mass, this Lupercus entered naked from the waist zeal against what they considered error; sociates? what though some of their mem-ing coals and burning brimstone; he cried with a feelings of the individuals and the manners bers, in Philadelphia or elsewhere, live loud voice, Wo, wo, to the idol and its worship- of their times. Those times are happily more luxuriously than is becoming Chris- pers! His third feat was performed in a church gone by, and we are sorry to see our autians? (We shall presently, examine the in London. During divine service he came in correctness of Mr Brownlee's sweeping de- nith, he denounced the woes of heaven on the wors of the feelings of his predecessors, and

stark naked; and raising his arms besmeared with thor partake so much as he evidently does, nunciation in this respect.) What though shippers. Simpson continued his naked proces- make such an approximation to their illibone of their elders, in a dream, did sing a sions from time to time during the space of three eral conduct. Still, he is not altogether song which he had learned in his youth? years."

like them; the manners of the present age what though George Fox were a Cordwain- For this valuable fact, he cites Neal's forbid it; and though it is said, that Luther er, and some of his coadjutors, for aught we History of the Puritans, vol. IV. p. 175, in the heat of argument one day boxed know, fishermen? what though their female Bost. edit., Mosheim, vol. V. cent. 17, and Melancthon's ears, and though we suppose preachers make long sermons, and Elias adds,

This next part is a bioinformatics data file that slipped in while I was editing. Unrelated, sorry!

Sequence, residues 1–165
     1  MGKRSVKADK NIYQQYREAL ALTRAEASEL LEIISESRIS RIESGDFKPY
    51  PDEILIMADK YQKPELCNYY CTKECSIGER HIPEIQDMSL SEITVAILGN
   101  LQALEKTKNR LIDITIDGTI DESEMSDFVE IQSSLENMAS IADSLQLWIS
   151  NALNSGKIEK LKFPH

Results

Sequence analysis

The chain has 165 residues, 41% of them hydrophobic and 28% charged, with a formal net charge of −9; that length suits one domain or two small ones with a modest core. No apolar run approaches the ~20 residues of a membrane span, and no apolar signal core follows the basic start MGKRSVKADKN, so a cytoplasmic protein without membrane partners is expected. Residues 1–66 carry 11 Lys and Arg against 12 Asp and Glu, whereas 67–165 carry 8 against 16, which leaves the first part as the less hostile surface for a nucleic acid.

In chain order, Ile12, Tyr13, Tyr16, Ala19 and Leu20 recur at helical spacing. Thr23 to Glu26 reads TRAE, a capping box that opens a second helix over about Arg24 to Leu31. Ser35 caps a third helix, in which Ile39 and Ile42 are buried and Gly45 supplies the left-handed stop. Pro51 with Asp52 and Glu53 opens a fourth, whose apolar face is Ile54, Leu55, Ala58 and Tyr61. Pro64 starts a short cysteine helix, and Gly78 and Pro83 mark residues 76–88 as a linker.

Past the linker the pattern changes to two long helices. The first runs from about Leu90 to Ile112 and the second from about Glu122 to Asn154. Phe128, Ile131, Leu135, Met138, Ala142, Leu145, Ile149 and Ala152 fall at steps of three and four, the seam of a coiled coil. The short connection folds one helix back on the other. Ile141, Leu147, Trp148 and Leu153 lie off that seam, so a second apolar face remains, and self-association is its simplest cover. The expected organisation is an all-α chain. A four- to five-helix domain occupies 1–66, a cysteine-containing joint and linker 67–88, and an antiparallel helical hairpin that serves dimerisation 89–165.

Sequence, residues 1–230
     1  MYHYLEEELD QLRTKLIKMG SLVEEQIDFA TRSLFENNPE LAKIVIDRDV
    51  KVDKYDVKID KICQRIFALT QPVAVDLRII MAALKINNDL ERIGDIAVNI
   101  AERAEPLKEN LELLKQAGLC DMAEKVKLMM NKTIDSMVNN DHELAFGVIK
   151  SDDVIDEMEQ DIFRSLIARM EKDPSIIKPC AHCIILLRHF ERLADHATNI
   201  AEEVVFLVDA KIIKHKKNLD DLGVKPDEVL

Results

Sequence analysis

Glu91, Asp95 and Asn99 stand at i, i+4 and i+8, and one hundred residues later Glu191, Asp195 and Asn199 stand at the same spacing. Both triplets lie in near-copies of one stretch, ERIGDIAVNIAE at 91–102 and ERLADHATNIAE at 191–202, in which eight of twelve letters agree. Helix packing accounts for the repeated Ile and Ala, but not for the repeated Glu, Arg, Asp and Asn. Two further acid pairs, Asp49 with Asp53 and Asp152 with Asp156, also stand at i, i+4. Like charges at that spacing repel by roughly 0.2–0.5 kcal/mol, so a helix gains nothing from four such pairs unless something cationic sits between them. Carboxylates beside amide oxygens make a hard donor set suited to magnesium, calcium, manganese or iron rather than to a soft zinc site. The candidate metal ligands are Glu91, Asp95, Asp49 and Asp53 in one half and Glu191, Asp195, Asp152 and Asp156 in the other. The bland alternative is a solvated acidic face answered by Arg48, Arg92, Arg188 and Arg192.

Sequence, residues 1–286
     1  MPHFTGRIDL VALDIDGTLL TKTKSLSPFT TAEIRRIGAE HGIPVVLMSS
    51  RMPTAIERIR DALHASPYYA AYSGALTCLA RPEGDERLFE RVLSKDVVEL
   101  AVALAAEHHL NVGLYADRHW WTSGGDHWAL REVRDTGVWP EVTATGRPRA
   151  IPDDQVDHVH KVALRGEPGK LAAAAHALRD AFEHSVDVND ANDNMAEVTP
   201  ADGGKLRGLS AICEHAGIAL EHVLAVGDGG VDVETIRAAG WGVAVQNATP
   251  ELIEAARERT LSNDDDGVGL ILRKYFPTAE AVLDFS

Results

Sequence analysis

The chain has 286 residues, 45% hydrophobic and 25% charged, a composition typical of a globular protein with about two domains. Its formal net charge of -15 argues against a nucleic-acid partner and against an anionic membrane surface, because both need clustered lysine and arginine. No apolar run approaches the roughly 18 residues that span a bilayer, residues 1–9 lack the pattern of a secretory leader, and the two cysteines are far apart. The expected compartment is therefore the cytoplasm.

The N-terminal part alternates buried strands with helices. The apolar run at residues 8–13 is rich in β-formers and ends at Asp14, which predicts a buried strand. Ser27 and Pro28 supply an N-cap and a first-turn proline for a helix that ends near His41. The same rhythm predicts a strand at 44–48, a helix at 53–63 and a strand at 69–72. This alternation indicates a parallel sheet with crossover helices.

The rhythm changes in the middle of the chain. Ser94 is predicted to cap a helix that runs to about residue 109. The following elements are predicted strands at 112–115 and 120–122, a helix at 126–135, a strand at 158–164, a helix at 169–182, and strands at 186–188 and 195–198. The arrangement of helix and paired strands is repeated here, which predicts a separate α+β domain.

that our author believes that Luther was, Hicks be no chemist? Does our author seri

“ Sewel has omitted this fact for obvious rea.

notwithstanding, a sincere Christian, and ously suppose that this torrent of invective

I cannot, with the Christian Observer, vol. no heretic; yet we should not be deterred --for though he aims at ridicule, he talls short XIII., p. 101, give this up. It is stated by Neal, from a personal argument with William into abuse-against the habits of some of who was conversant with the men of that period, Craig Brownlee upon any point, by a fear the individuals of which a religious society and though stated publicly by him, it was never lest it should end in fisticuffs. is composed, will help him to persuade his questioned till lately, so far as I can discover."

As to what is said of the miserable fanatreaders that the tenets of the sect which Now, the story that is alluded to in this I icism of Naylor and others, we think that